The cultural highlight in May is the festival of Santo Christo dos Milagres, drawing about 15,000plus people from all over the world to Ponta Delgada. We were privileged to watch the religious procession from the balconies of the home of a friend’s mother in the centre of the city. With great interest we watched the religious fervour that was displayed, the colourful costumes and the carpets as well as tapestries hanging from balconies or terraces, the streets covered in delicate patterns of flower petals. Eventually the much anticipated arrival of the statue to which many miracles are attributed was naturally the highlight of the event. Some people followed the procession on their knees or carried large bundles of long white candles praying for the forgiveness of their sins or healing of a sick friend or relative. It is a quite extraordinary experience to witness such devotion in the year 2007 while the rest of the world seems to be “clutching each other by the throat.”


As I promised in my last journal entry I should like to address here the clash of generations I am observing. Because there is so much written about the history of these most interesting islands, little is being said about the present and how modern life has affected the cultural aspects of this very Catholic country. As a matter of fact, much as the cultures of northern Europe differ in many aspects from those of the Mediterranean ones. I find that the same applies to the practice and belief system of Portuguese people at large when it concerns religion. Unlike in Germany where I grew up and had religious instructions in school, here they teach ethics.

This is particularly apparent in the youth of this country. The rapidly changing value system caused by globalization is taking the Azores by storm. Even in the smallest village you encounter present and past in the form of old ladies dressed in black, middle-aged women walking with daughters or grandchildren while men gather separately at Cafes or Bars. However, the old days of courting from the distance of a balcony under the watchful eyes of parents are OVER.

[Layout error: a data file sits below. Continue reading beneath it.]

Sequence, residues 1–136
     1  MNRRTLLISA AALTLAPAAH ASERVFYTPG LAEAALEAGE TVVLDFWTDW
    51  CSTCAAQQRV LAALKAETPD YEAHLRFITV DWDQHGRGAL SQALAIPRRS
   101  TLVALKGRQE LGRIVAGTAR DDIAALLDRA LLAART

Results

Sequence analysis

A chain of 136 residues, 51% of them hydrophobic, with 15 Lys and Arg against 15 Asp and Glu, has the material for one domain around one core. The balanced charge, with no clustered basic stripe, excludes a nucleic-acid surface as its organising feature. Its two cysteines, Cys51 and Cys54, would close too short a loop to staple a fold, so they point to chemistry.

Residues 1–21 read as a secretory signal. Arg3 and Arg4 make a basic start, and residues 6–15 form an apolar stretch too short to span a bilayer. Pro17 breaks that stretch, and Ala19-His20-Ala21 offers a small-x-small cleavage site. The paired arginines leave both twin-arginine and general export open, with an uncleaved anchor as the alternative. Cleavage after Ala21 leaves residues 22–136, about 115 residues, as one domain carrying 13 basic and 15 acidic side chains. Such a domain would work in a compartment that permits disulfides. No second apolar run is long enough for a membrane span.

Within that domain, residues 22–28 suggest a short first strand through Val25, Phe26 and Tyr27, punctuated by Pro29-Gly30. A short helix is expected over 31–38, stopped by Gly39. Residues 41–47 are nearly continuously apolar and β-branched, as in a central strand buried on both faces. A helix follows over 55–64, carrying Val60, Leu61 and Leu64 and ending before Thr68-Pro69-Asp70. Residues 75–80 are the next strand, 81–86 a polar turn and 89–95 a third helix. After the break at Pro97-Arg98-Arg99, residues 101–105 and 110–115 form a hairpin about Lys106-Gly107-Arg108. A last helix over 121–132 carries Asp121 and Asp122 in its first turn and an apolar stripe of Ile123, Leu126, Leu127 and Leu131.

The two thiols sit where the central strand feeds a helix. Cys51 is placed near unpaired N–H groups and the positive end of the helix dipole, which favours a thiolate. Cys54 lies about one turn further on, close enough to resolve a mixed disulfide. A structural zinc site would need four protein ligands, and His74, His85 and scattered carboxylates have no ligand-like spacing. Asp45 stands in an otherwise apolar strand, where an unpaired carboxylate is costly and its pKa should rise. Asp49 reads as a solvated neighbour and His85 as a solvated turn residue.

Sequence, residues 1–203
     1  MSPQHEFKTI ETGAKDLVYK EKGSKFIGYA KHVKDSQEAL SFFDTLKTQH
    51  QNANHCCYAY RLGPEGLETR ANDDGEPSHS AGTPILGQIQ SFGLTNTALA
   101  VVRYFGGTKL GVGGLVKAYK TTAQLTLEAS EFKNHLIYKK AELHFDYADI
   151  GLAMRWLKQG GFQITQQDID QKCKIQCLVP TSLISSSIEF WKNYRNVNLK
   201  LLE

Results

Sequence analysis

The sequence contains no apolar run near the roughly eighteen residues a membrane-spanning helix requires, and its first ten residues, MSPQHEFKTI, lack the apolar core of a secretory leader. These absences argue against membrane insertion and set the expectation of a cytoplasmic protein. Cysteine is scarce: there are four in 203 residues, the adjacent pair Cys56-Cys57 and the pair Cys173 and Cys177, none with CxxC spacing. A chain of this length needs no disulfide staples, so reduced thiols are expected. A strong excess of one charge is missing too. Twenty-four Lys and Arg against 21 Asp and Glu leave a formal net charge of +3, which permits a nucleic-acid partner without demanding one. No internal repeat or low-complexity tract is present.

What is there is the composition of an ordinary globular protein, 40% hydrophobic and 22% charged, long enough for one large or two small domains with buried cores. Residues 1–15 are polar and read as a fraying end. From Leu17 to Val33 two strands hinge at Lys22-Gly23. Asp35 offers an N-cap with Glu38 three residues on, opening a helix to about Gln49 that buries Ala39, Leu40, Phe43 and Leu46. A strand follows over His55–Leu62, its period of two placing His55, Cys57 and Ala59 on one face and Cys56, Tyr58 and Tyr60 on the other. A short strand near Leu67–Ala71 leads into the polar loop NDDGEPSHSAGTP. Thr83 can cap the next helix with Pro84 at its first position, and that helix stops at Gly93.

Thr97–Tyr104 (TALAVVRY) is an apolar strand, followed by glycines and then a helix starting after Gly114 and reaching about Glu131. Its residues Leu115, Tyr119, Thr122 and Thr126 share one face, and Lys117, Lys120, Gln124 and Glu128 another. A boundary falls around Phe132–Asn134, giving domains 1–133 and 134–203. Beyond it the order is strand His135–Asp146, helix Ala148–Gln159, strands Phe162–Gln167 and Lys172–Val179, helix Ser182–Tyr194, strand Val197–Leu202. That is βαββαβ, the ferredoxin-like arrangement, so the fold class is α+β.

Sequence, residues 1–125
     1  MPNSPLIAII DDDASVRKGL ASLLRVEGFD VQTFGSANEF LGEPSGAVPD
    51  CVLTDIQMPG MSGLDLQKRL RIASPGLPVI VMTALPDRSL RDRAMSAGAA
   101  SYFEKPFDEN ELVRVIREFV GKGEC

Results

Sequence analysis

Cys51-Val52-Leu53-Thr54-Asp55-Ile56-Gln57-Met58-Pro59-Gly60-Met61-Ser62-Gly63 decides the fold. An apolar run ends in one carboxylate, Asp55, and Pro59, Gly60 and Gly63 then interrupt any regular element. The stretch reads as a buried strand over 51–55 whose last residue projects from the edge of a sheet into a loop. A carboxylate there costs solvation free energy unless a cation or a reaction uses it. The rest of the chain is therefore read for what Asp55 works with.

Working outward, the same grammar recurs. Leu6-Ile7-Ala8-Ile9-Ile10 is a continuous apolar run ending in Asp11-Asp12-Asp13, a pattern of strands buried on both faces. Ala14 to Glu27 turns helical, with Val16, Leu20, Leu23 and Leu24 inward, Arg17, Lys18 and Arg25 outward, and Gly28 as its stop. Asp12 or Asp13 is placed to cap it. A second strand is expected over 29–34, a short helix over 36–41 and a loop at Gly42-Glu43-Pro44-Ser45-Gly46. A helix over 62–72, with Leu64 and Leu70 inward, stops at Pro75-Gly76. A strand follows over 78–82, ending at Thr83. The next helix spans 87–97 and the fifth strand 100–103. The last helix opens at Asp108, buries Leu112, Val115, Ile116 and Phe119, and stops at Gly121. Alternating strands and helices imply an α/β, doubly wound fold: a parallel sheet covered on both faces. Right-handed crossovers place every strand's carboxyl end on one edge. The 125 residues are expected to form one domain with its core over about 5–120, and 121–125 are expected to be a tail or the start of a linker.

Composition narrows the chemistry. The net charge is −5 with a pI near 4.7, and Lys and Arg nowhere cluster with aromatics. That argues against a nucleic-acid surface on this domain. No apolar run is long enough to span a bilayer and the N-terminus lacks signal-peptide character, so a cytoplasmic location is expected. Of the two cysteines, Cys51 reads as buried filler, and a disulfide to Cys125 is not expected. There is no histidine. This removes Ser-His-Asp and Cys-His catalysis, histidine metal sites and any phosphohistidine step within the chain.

A girl in her teens will be walking with cell-phone in hand, wearing the tightest jeans slung so low as to barely stay in place with tops that leave little to the imagination next to her mother who seems neither aware nor concerned about her daughter’s outfit. What was once a very sheltered female population has stepped out into the 21st century and is doing so with a vengeance as is evident in the amount of very young girls, either pregnant or carrying babies in their arms, pushing them in strollers though often a young man will be pushing the stroller or carry the bebe..

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Hiking to Lagoa do Congro

The government must be aware of the trend since I am observing many new and modern schools – most likely much to the envy of other European nations with dwindling numbers of children as more and more women opt for a career instead of motherhood. Likewise spiked hair, tattoos and body-piercing have landed, something that would have been unthinkable on these islands as little as a decade ago. Much like in the rest of the world sex is being excluded from the much touted religious devotion. Obviously the threat of HIV or the spread of venereal diseases that have no cure are not much of a deterrent either, otherwise we would not witness some of what we do.

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The most important FESTA on Sao Miguel Santo Cristo do Milagres procession

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Mind you, I am no prude and came of age in the 60s, but walking by a couple in their mid- teens in a much visited tourist area at noon sneaking a “quickie” on one of the stone benches that left no doubt as to what was taking place came as something of a surprise.
When asking some members of the older generation they simply shrugged their shoulders and blamed it all on the Brazilian Soap Operas which are very explicit and being watched on a daily basis with much gusto.
The pendulum keeps swinging and the more things change, the more they stay the same! After all, the “strict” Victorian era was followed by a period of decadence which was eventually followed by a more moderate moral code.
A simple example is to be seen in the style of current European footwear for women. When we first set foot on the Azores a little over a year ago, I could not believe the pointed shoes with the highest heels you ever saw reaching downright absurd proportions – guess what? Round flats are back!

Tumbleweed Journal" Copyright 2006-2009 Inge Perreault - All Rights Reserved

The Tumbleweed Journal Reflect the views, opinions and experiences of the author.